I hobbled through the apartment lobby and my mood deflated at the sight of the huge sign on the elevator: OUT OF ORDER. My apartment was on the third floor, an easy walk on a good day – but this was not a good day. My puffy joints burned and shrieked at each movement. I grew weary after a few measly steps; all I wanted was to crawl under a warm blanket with an ice pack and a pain killer. The idea of climbing three floors was not appealing.
I heaved open the solid door leading to the stairs. The shiny surface of the concrete steps welcomed me with an oily grin. The stairs were painted in an uninspiring color, like gloomy clouds gathering for a squall; under the fluorescent lights the paint glistened like ice. I gawked at the white pock-marked walls and metal railing that ran alongside the stairs.
I approached the first step, feeling my foot slide on the dicey surface, and I couldn’t help but wonder what idiot actually thought this type of coating was suitable for a stairway. A chill hung in the air, penetrating my coat; I gripped the metal railing and rejoiced at its icy touch, a temporary relief on my hot, swollen hands. I pulled myself up, one step at a time, careful to place my feet in just the right spot, staying close to the wall in case of a misstep. My legs shook with the effort. I kept my head down to prevent the glare of the waxen walls from assaulting my sensitive eyes and counted each step – on the second floor landing, I rested and performed a tiny victory dance.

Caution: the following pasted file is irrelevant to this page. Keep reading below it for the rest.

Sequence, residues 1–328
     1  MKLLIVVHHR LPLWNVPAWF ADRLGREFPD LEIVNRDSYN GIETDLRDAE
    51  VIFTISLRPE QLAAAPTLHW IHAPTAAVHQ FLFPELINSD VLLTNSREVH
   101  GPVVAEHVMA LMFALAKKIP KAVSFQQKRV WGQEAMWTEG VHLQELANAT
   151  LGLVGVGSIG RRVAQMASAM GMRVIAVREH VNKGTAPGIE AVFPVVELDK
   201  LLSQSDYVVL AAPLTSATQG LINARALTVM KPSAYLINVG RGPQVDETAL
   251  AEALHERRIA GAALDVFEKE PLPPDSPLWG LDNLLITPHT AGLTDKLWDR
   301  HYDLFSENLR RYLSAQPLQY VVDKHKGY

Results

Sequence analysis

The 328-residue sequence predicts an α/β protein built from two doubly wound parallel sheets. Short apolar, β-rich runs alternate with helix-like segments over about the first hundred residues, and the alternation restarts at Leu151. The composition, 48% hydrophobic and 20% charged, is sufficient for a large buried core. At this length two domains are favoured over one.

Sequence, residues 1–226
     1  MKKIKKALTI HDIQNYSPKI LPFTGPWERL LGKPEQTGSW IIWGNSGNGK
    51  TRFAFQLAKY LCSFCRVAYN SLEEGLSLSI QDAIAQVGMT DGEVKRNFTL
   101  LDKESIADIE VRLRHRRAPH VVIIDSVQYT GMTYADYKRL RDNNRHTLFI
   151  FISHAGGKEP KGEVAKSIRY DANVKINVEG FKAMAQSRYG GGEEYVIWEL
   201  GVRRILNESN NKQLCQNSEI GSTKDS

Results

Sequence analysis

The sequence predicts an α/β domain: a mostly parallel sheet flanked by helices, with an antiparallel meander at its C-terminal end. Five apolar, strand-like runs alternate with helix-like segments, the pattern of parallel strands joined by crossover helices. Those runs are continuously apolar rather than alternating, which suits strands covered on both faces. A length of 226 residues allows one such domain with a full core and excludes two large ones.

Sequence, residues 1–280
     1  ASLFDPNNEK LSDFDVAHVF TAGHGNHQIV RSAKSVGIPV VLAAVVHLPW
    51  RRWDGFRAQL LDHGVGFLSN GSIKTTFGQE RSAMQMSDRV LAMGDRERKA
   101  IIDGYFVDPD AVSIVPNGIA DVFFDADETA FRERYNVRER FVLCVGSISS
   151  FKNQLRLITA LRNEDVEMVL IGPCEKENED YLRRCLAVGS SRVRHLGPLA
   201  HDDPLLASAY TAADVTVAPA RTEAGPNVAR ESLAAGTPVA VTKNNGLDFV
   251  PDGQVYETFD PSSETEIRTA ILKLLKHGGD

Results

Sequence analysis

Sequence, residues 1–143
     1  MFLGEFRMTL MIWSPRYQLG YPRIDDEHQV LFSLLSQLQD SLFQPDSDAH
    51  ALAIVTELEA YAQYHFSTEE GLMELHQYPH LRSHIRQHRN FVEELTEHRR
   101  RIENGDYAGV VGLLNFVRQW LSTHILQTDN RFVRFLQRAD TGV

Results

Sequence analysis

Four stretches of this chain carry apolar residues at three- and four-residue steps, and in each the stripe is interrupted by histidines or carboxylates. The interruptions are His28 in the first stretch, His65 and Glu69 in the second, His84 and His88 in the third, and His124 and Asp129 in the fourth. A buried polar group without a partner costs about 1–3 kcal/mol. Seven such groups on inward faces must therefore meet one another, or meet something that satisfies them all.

I pushed open the door to the third floor and shuffled towards my apartment; as I inserted my key, I heard the whine of the elevator, the rumble of the doors opening, and two residents chattering as they sauntered down the corridor.
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J.G. Chayko is a writer, actress, and international arthritis advocate who’s been involved in theatre for more than 30 years and has published poetry, fiction, and creative non-fiction.
I went up the stairwell with you. What a bummer to find the elevator worked after all. But know me, I wouldn’t have chanced it! Be well. – Irma